The Wings of the Dove
Agnieszka Holland’s Washington Square is a movie about a shy and awkward young woman, Catherine Sloper, who falls in love with a smooth and beautiful young man. He is irresponsible and sybaritic, but he is also ardent and attentive, and he makes her bloom with passion and self-esteem. His suit is opposed, though, by the girl’s father, a widowed physician who despises his daughter and resents her luck in love. The doctor is convinced, against the opinion of everyone around him, that the only explanation for the young man’s interest must be his, the doctor’s, own substantial fortune; and though it takes him several years and requires remorseless hounding, he succeeds in killing off the relationship, and with it his daughter’s capacity for love.
Readers of the Henry James novel on which Holland’s movie is based will recognize a significant deviation. The novel makes it plain from early on that the suitor—his name is Morris Townsend—is a gold digger. In James’s story, when Dr. Sloper calls on Townsend’s sister for a character reference, she quickly confesses that her brother is a selfish and idle man who makes his way by preying upon women, and she warns the doctor to keep his daughter away from him. In Holland’s movie, the point of the scene is reversed: Townsend’s sister bristles at the suggestion that her brother is any less sincere than he pretends to be, and she practically throws the doctor out of her house.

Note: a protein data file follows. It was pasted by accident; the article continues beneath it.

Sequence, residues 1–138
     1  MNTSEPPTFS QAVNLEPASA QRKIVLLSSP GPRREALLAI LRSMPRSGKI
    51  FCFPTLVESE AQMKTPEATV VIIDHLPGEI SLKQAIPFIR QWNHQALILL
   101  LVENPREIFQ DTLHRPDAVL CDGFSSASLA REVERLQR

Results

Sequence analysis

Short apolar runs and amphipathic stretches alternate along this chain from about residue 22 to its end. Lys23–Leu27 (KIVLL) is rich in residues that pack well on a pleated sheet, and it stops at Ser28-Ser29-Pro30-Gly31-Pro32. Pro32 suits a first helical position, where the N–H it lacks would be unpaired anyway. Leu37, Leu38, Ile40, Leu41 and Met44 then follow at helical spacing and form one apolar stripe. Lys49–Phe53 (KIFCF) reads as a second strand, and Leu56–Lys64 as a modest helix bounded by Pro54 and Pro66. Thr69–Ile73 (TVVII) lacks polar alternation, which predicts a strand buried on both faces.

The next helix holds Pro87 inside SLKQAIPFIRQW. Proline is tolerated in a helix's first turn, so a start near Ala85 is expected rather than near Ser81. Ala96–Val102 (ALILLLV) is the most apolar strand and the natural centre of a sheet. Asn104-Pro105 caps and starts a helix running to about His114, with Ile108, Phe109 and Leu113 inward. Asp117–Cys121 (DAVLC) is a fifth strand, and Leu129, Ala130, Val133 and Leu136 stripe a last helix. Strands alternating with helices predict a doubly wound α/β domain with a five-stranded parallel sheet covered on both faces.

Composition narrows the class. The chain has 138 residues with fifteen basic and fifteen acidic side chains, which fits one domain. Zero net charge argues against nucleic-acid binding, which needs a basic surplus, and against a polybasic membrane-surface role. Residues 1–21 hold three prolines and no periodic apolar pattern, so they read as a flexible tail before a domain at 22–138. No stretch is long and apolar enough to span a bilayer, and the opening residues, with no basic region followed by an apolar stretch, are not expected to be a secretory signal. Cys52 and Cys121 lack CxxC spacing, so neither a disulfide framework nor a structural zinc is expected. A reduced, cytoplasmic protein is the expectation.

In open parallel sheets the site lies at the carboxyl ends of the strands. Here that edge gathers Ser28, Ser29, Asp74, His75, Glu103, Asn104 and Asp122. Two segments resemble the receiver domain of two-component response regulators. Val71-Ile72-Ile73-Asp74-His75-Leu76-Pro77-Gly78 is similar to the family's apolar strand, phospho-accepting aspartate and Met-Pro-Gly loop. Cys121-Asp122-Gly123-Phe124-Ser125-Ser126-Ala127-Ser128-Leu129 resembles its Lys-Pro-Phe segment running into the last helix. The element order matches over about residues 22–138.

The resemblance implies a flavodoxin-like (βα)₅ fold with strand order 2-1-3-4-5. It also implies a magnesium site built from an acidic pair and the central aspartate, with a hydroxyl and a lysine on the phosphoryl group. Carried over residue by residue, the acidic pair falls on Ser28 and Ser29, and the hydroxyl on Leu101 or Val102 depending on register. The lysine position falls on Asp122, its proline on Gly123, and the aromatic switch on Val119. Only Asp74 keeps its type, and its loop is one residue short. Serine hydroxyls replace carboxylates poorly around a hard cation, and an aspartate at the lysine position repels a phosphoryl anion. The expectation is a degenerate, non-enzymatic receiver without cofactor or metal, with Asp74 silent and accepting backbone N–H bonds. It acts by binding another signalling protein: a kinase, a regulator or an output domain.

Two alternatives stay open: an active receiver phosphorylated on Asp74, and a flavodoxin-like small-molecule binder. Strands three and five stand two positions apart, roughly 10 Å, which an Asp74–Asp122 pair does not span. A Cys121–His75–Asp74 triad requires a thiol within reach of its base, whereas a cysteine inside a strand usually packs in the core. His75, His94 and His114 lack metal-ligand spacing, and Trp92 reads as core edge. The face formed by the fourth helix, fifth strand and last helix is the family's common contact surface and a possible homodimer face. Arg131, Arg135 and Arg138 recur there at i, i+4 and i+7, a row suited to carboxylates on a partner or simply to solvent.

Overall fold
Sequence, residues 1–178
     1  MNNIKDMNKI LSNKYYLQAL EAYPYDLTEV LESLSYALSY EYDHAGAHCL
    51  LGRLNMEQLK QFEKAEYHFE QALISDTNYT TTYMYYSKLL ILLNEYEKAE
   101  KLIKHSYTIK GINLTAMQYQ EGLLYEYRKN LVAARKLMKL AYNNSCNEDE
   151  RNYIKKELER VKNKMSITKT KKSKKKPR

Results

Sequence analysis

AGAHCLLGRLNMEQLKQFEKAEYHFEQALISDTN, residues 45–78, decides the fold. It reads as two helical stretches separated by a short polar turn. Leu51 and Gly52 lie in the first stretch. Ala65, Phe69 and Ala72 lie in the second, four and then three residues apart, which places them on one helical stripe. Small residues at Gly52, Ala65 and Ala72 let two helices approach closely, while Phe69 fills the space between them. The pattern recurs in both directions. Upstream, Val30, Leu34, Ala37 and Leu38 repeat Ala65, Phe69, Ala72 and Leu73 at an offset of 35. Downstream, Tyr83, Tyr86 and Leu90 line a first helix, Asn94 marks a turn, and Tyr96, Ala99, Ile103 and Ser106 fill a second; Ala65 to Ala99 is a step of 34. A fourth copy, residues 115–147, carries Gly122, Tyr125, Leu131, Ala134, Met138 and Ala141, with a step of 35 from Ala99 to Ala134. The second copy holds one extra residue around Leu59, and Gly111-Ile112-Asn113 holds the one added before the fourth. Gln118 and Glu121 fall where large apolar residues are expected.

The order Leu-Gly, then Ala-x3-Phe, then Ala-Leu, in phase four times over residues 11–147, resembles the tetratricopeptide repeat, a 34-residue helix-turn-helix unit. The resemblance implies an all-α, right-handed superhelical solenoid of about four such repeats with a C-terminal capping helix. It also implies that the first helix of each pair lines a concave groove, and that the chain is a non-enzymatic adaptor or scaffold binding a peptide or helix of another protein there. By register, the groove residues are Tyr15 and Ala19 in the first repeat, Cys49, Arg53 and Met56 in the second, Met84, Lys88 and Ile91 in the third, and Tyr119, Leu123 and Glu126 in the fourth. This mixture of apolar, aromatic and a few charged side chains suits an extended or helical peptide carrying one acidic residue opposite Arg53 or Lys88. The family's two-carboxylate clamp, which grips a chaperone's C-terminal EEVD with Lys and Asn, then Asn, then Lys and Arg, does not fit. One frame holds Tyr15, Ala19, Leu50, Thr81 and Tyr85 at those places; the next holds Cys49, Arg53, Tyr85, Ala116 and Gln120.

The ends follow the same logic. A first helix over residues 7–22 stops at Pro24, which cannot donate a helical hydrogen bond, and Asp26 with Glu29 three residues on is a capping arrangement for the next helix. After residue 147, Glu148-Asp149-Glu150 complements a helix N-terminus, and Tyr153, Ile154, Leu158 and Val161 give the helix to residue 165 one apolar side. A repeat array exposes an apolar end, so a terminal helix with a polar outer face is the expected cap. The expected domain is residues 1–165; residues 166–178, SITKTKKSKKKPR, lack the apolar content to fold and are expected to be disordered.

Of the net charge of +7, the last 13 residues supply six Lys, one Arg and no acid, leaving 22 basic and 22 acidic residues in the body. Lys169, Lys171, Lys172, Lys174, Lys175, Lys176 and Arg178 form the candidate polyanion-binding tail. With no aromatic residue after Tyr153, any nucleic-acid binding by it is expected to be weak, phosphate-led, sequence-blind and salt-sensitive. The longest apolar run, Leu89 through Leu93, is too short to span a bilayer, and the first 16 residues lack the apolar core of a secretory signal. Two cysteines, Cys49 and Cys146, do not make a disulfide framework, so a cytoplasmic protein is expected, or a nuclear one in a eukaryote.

As things turn out in the movie, the doctor is not entirely mistaken: when Townsend realizes that if he marries Catherine she will be disinherited, he abandons her. But we are made to feel that in his own self-centered way, he really does love her. He just can’t imagine life without the fortune he considers his due for allowing himself to make love to such a plain woman. Her money, as he tells Catherine when the crisis comes, is her “attribute”; his attribute, he says, is this, and he points to his own gorgeous face.
This is quite Jamesian. It’s just not what James himself saw in the story. In making Townsend unambiguously a mercenary from the beginning, James wanted to place the doctor in a complicated ethical light. From one point of view, Dr. Sloper is perfectly right: if his daughter marries Morris Townsend, he will spend her inheritance and make her miserable. Everyone except the doctor’s widowed sister, Lavinia, who is half in love with Townsend herself and who pathetically encourages a relationship she regards as thrillingly star-crossed, agrees with him. And yet from another point of view, which every reader is quick to share but which is not easy to articulate, he is clearly wrong. His wrongness is his refusal to credit his daughter with the capacity to understand or control her own situation, his certainty that he knows what is best for her better than she does. His wrongness is his rightness, an oppressive infallibility his daughter, dim though she may be,…
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